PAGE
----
To facilitate the participants’ connection and commitment to their life-long healing journey.

Program Process

The ISOYW program is founded in holistic Aboriginal philosophy: the belief that all things are connected and that for sustainable change to occur, an individual must engage the physical, mental, emotional and spiritual aspects of self in the changing/learning/healing process. The program process includes activities and sessions that provide opportunities for such holistic learning. The process also includes daily ritual, frequent ceremony (chosen and led by the Elder), and sessions that encourage participants to explore core issues that underlie violent behaviour, such as their childhood experiences of violence, grief and loss, shame, trauma, childhood neglect and abandonment, as well as triggers for violent behaviour. Further, the participants learn about the intergenerational effects of colonization on the Aboriginal individual, family and community. In this process, the participant identifies his own cycle of violence and then can develop skills that will enable him to live a non-violent lifestyle.

The Warrior Programs employ a highly kinaesthetic and experiential learning process.

The Warrior Program sessions employ the rules and process of the sharing circle.

Warrior Facilitators

The men and women who facilitate Warrior program are highly skilled guides, role models and facilitators. Facilitators of the ISOYW program therefore require many important skills and characteristics:

· an in-depth, first-hand understanding of the healing process;
· knowledge of where they are on their own healing path;
· the capacity to take care of themselves emotionally and spiritually throughout the program; and
· the ability to motivate participants to engage in their healing journey.

Native Counselling Services of Alberta retains full responsibility for the Warrior programs; to this end we provide certification for people who have completed the program (Participant Certification), for those who successfully complete the facilitators training (Facilitator Certification) and for those who are responsible for the training of facilitators (Trainer Certification).

NCSA can provide the following services for communities and organizations:

Program Facilitation
NCSA can send facilitators to an organization or community to provide the Warrior programs. We work with the organization to recruit appropriate program participants, choose program location, ensure all necessary program resources are available, prepare community Elders to be a part of the program and provide the Certification of Program Completion for participants who successfully complete.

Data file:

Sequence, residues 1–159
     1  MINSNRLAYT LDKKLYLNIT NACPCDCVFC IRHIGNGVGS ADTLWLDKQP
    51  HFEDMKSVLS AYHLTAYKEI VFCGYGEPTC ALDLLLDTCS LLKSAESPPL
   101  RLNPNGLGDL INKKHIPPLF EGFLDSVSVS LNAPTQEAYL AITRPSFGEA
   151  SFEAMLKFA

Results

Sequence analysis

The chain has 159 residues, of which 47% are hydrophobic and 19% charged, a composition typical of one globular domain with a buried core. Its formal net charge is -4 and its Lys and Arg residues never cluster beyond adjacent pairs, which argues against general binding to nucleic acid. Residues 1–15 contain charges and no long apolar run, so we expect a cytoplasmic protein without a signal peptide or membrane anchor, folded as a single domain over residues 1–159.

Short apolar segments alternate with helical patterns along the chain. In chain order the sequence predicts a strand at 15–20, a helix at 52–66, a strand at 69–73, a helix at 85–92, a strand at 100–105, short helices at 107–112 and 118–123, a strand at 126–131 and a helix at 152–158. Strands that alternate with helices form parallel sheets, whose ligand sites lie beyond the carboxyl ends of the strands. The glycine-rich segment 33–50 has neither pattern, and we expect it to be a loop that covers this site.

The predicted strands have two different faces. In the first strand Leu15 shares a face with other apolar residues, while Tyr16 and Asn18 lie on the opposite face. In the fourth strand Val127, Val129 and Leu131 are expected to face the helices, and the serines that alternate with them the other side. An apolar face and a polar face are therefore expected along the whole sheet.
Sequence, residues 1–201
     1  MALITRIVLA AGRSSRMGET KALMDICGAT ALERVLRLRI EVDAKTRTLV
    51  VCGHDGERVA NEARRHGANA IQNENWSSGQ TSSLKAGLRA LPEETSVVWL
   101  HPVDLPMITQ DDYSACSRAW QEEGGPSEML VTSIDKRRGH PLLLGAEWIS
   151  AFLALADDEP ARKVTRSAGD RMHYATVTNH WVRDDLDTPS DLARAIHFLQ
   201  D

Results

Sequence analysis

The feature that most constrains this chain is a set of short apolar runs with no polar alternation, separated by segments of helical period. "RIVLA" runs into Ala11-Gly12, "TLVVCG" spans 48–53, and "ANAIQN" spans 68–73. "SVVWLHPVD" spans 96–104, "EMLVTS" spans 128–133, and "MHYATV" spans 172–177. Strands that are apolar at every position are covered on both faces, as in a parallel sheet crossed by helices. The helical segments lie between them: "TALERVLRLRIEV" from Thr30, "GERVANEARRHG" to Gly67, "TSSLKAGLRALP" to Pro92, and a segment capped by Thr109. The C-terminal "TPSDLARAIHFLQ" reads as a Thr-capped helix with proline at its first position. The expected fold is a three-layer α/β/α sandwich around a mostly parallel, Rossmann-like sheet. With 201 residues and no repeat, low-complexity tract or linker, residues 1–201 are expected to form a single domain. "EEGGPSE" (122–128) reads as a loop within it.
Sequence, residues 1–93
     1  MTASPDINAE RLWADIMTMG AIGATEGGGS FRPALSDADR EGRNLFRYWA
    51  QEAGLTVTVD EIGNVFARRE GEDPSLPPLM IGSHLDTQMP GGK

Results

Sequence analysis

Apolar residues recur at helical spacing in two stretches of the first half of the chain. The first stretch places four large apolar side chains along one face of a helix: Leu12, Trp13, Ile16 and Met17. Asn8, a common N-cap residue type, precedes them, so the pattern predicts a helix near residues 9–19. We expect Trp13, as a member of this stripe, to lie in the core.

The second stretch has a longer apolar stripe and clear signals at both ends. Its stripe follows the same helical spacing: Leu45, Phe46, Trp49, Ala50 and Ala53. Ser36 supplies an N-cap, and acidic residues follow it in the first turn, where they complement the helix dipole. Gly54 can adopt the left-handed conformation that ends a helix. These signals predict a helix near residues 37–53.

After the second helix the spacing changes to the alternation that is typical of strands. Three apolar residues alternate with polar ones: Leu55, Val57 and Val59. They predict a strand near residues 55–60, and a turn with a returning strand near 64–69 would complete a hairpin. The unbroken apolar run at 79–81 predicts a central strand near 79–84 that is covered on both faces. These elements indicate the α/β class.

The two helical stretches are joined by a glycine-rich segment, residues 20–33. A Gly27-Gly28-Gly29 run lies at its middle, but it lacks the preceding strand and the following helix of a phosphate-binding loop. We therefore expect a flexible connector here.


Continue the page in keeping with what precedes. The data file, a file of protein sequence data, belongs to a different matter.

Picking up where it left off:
Facilitator Training

NCSA can help communities and organizations build capacity to facilitate the Warrior programs regularly for their membership or clientele. NCSA will help the organizations choose appropriate facilitator trainees, choose the training location, ensure all resources are available for the training and provide the Facilitator Certificates for the trainees that successfully complete training.

BearPaw Peacemaking Certificate Program


#WatchListenAsk The Problematising of Men in Mental Health and Suicide Prevention

Watch. Listen. Ask. The Problematising of Men in Mental Health and Suicide Prevention ©Indigenist

I’ve been working in health and human service provision for a while now. The last three years I’ve been working across the North-West of Australia, the Kimberely. I travelled 35,000km in my first 18 months delivering upstream suicide prevention, conversation and consultation and the Aboriginal Mental Health First Aid.

During my career if there is one thing that bugs me is the problematising of men. It has been so ingrained that “men don’t talk”, most people aren’t even listening. Least of all listen with the intent to understand. Most often they are listening with the intent to reply or to “fix”.

Men account for three out of every five deaths by suicide, making suicide the 10th leading cause of death for males.

In Australia, for those of Aboriginal and Torres Strait Islander descent, the suicide rate is 2.5 times higher.

In the UK Suicide is the biggest killer of men under 50.

If men aren’t accessing your mental health service and they really should be (see stats above) you’re not doing it right.

You’re a hard to reach service. Period.

It was recently passed onto me the teachings of Davey Lawrence an Aboriginal Elder of the Girramay peoples; “you have to listen to what a person does – not what they say”.

I reckon that’s pretty sound advice.

Here’s what I suggest you do.

Watch men. Watch how they are behaving. See their emotions in their behaviours.

Listen to men. Listen to what they are saying, not what you are wanting or expecting to them to say.

Ask men if things are ok. If you’ve gotten to this step there’s a pretty good chance that something is up. In their response whether it is yes or no, watch and listen to what they say. If they’ve said yes, let them guide you on how you can best support them.

Now this isn’t literal. Verbal communication isn’t the only way men communicate. So trust yourself and your instincts. If you’re wrong there is a good chance you’ll be told. If they say no, that nothing is up still trust your instincts. Because if you’ve been watching and listening you’re going to be pretty much on the money. So continue to Watch, Listen and Ask.

The most important thing for anyone is to know you don’t have to through it alone. Men are no different.